The perfect pencil

The number one tool of any mathematician is the pencil.  I know, some will argue that you prefer to use a pen.  In fact, I had a professor in college who believed that “real mathematicians” used only pen.  His argument was simple and logical:  a pen records all of your ideas while a pencil encourages a more permanent destruction of your old ideas. And, how many of us mathematical hobbyists have erased our graphite errors only to realize later that we had the perfect idea ten attempts ago?  (Of course, I never had the heart to provide him with the perfect counterexample to his argument … a pencil without an eraser.  I guess I am too kind.)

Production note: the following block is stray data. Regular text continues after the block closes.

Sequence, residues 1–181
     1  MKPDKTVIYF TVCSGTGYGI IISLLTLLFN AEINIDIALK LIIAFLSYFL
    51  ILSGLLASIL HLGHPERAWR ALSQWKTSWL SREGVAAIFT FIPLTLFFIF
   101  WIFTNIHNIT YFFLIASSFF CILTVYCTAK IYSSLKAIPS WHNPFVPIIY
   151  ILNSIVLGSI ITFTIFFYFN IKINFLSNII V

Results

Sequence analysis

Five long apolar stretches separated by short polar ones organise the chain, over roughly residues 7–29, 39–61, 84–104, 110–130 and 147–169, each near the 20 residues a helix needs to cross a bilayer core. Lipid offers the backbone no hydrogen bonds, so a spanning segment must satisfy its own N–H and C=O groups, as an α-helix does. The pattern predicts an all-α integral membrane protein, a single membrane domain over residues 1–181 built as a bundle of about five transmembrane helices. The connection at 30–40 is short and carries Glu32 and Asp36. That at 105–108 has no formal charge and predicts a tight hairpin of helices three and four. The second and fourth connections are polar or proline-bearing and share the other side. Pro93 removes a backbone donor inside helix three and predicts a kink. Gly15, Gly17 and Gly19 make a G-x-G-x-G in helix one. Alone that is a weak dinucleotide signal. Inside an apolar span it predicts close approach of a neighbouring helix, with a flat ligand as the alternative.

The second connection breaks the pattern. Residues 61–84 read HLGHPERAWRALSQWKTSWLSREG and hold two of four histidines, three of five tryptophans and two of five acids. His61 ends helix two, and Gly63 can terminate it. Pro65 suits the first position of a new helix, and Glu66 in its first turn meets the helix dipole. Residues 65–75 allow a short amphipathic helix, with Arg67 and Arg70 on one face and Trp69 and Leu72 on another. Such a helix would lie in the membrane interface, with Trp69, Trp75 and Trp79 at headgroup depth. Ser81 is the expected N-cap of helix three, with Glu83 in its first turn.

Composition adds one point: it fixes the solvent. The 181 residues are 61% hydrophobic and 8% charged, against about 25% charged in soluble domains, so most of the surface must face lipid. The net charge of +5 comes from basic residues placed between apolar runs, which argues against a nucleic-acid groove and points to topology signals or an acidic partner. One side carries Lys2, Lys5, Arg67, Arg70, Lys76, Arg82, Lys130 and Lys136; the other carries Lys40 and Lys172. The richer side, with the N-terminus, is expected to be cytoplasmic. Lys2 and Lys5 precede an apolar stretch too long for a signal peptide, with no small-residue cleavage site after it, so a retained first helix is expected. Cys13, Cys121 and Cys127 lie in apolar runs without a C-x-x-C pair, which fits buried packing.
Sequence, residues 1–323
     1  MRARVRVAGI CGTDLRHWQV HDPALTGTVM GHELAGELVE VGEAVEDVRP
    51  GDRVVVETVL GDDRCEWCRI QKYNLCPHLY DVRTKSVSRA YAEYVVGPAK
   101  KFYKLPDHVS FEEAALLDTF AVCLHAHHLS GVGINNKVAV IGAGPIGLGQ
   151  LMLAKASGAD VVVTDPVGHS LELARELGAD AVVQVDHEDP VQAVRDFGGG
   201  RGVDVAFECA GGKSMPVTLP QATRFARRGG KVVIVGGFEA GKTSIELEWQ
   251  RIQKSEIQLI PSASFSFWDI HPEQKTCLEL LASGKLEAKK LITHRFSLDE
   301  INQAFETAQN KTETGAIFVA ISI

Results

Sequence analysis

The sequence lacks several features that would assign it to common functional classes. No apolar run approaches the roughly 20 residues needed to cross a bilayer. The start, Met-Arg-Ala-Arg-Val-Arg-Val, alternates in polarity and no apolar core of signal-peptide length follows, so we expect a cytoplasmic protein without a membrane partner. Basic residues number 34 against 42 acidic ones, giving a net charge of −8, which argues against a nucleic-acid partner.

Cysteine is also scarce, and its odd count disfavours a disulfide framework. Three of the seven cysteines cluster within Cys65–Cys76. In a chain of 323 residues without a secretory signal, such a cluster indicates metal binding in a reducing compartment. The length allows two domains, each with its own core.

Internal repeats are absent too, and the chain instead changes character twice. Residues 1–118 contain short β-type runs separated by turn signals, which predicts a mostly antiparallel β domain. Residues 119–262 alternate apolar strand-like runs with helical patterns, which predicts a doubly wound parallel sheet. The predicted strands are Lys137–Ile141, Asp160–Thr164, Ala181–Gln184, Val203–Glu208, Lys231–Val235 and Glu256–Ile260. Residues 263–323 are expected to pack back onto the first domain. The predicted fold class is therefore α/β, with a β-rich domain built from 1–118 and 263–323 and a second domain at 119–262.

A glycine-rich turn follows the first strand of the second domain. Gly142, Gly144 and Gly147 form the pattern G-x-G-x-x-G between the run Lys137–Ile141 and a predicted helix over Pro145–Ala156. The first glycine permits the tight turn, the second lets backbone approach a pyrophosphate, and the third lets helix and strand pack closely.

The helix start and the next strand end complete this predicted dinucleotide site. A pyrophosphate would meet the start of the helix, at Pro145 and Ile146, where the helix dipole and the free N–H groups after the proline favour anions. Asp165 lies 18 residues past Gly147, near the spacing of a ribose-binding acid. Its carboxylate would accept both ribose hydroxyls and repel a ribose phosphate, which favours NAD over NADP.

Don’t get me wrong.  I, too, enjoy using a pen to work on mathematics. In fact, I have a real love of fountain pens and nothing feels better than recording your ideas using one.  However, the real workhorse of our subject is the pencil.

Where was I?  Yes … the pencil.  So, what is the perfect pencil?  Well, again, the debate will rage on … some people love mechanical pencils and some people love wooden pencils.  Mechanical pencils are cool and can fit in your pocket.  Wooden pencils have a great smell and can fit behind your ear.  Myself, I love both.

But, if I had to choose, the perfect pencil would be the Dixon Ticonderoga.  Maybe it’s because it’s the pencil I grew up with or maybe it is the smooth writing, but nothing says math to me like that pencil.

Am I right?  Am I wrong?  Please leave me your comments on the perfect pencil.